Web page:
Anima is a fantasy based narrative around which has been hung a roleplaying game, miniature game, and non-collectible card game. It’s manga based, but the games combine elements of both Japanese and western-style game mechanics.
The RPG includes 20 classes, d10 combat, a range of magic, ki, and psychic powers and so on. The card game includes 110 beautiful cards and plays for 2 to 5 players. and the mini game is a skrimish war game with gorgeous minis that plays in about an hour.
I’ve been playing Anima rpg for about a couple years (since first being released in Spain), mainly because one of the GMs in our group insists. I agree the book itself is beautiful, but the game is a horrible mess. A setting that makes absolutely no sense with a set of rules poorly thought-out makes for a rather bad game.
There are different subsets of the rules to deal with combat, magic, ki and the like, with absolutely zero coherence between such subsystems, it looks like they took chapters from different game systems and put them side by side without bothering to make them into a single coherent system.
There are tremendous unbalances (Ki is useless compared to Summoning, yes, even in combat; characters with high Initiative rule the combat field because if you attack first and hit your opponent you deny him the chance to attack this round, making heavy-armored characters useless; oriental-style weapons like the katana are a zillion times more powerful than their western counterparts, making these useless; etc).
And there is little to no space for character customization, once you choose a class the development path for your character is fixed, so that two characters of the same class and level are equal to a 99%; this is an evil that most rpgs have left behind since the days of 1E D&D.
As a whole Anima feels amateurish to me. It doesn’t appeal to the seasoned rpg crowd because the rules are a horrible mess, and I don’t see it appealing to casual players because of the anime setting, because the rules are too convoluted for such players to grasp easily.
Now if I could only convince this GM to forget about this game and start GMing Star Wars again…
I agree the Anima RPG is plagued with poor presentation and some bad rules design in a few conspicious places. However, I think the rest of your comments are exaggeration:
“There are different subsets of the rules to deal with combat, magic, ki and the like, with absolutely zero coherence between such subsystems…”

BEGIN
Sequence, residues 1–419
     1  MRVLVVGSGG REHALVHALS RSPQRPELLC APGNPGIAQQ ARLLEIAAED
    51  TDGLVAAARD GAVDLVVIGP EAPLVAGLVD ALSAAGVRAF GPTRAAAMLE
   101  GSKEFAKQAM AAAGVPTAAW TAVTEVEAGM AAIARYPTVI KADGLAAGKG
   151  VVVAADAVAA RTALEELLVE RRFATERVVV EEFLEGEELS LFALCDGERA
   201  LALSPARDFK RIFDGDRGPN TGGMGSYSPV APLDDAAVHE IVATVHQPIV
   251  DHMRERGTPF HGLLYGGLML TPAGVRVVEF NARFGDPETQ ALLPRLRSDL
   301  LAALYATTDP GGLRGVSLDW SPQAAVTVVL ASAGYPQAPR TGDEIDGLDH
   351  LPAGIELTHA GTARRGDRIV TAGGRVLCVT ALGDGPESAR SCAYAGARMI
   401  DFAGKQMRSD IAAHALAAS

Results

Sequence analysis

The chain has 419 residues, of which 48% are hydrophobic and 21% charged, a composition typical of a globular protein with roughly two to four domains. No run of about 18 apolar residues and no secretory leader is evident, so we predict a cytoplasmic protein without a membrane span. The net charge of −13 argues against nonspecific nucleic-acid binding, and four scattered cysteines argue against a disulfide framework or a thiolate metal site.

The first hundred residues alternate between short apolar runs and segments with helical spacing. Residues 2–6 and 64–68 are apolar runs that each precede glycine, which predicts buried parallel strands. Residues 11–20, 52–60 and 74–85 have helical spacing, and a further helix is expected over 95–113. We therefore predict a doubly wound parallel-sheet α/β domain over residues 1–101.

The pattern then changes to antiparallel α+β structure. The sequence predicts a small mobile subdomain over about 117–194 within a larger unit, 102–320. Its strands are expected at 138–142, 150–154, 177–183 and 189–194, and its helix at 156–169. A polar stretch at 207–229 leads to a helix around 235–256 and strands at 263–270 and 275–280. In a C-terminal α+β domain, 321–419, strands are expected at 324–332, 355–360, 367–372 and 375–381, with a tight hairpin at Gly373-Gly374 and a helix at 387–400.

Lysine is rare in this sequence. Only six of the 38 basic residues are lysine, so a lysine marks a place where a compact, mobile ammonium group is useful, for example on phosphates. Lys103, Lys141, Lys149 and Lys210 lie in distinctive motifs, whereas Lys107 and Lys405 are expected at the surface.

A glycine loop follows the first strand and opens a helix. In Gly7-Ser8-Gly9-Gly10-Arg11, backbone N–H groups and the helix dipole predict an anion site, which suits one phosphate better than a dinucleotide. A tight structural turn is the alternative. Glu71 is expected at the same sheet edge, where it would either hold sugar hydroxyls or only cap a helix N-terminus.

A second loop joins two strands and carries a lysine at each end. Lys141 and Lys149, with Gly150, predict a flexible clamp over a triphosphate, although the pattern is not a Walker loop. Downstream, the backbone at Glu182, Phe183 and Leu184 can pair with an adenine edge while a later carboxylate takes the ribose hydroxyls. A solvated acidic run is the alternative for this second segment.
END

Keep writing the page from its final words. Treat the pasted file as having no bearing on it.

This is not true. The systems are similar in many ways with around 20% differing with each subsystem. This 20% difference is IMO intended to ensure that magic, ki and psychic abilities feel different to each other.
“There are tremendous unbalances”
I disagree. There are some powerful options but on the whole the game is good at providing balance across a very wide range of powers and creatures.
“characters with high Initiative rule the combat field because if you attack first and hit your opponent you deny him the chance to attack this round, making heavy-armored characters useless;”
Whilst initiative is very important (I would argue that that is in genre) there are ways around it and allow the use of heavy armour.
“And there is little to no space for character customization,”
This I totally disagree with. The clases influence costs in the points buy system, but there is incredibly flexibility within each class, let alone the flexibility from having 20 classes.
My home group played Anima RPG for a solid year, and my dislike for the game grew with every session. Although the original poster’s review is a little over simplified, I feel it is basically correct. The game is unbalanced to an annoying degree (and not unbalanced appropriately like a Star Wars RPG). Consider ranged weapons. If you face an opponent with a ranged weapon like a short bow, you are automatically at an 80% penalty to block, the same as if your vision were completely obscured., and the ranged attack always goes first of course. So a small group of poor bandits will always dominate a group of melee-ranged warriors despite swords being all over the main book’s illustrations. Also, the deadliness of combat (not a bad thing by itself) w/o tokens rquire PCs to be mini-maxed and rules-lawyered to an extreme just for a fair chance of surviving what the game considers a fair combat encounter. We tried using the pre-gen characters, and none of them could be even useful. What specific rules are the worst?